Cambridge Dictionaries online Cambridge Dictionaries online

The most popular online dictionary and thesaurus for learners of English

Russian translation of “have”

See all translations

have

verb
 
 
strong /hæv/ weak /həv, əv, v/ ( past tense and past participle had)
OWN [T] ( also have got) A1 to own something
иметь
I have two horses. Laura has got beautiful blue eyes.Having and owning - general words
HOLD [T] B1 used to say that someone is holding something, or that someone or something is with them
держать, иметь с собой
He had a pen in his hand. She had a baby with her.Having and owning - general words
BE ILL [T] ( also have got) A1 If you have a particular illness, you are suffering from it.
болеть
Have you ever had the measles?Being and falling ill
EAT/DRINK [T] A1 to eat or drink something
есть, пить
We are having dinner at 7 o'clock. Can I have a drink of water?EatingBiting, chewing and swallowingDrinking
have a bath/sleep/walk, etc A2 used with nouns to say that someone does something
принимать ванну/спать/гулять и т. д. (действие соответствует значению существительного)
Can I have a quick shower? Let Mark have a try.Acting and actsDealing with things or people
have difficulty/fun/problems, etc A2 used with nouns to say that someone experiences something
испытывать трудности/веселиться/иметь неприятности и т. д.
We had a great time in Barcelona.Experiencing and suffering
have a baby A2 to give birth to a baby
рожать ребенка
BirthPregnancy
have sth done B1 If you have something done, someone does it for you.
выражает действие, совершенное кем-либо по желанию говорящего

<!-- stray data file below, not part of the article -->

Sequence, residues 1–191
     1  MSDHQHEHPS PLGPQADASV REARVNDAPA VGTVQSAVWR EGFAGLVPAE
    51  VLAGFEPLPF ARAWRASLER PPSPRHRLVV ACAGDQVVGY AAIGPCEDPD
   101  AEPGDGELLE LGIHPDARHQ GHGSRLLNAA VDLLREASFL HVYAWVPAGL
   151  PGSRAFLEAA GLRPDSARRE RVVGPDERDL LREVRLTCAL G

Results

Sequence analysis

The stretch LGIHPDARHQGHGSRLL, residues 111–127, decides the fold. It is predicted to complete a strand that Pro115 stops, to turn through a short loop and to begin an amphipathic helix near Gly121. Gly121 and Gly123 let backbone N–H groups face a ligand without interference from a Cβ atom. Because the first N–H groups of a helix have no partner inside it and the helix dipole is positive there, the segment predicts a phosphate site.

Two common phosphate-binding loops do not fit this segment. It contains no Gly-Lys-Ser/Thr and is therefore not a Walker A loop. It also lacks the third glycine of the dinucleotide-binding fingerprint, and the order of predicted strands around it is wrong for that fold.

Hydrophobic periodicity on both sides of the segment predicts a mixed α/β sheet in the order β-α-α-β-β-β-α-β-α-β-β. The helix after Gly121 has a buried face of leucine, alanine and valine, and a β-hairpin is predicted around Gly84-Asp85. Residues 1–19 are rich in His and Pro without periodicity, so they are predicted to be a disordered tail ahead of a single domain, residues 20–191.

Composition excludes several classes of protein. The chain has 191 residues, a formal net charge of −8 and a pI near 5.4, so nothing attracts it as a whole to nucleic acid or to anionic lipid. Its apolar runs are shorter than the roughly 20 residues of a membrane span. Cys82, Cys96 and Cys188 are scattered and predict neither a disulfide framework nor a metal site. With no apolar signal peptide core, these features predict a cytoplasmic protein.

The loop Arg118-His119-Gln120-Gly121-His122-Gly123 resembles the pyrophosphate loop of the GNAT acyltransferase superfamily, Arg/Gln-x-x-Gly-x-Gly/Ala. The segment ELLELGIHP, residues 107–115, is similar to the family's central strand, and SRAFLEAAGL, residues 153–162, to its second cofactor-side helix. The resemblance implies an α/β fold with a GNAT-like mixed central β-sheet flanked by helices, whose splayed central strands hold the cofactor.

I'm having my hair cut tomorrow. We had the carpets cleaned.Acting and actsDealing with things or peopleCausing things to happen
(Definition of have verb from the Cambridge English-Russian Dictionary © Cambridge University Press)
Add Cambridge dictionaries to your browser to your website

Definitions of “have” in other dictionaries

Word of the Day

exercise

physical activity that you do to make your body strong and healthy

Word of the Day

Byronic, Orwellian and Darwinian: adjectives from names.

by Liz Walter,
April 15, 2015
Becoming an adjective is a strange kind of memorial, but it is often a sign of a person having had real influence on the world. Science is full of examples, from Hippocrates, the Greek medic born around 460 BC, who gave his name to the Hippocratic Oath still used by doctors today,

Read More 

bio-inspiration noun

April 13, 2015
the adoption of patterns and structures found in nature for the purposes of engineering, manufacturing, science, etc. The MIT researchers actually aren’t the only robotics team to turn to cheetahs for bio-inspiration.

Read More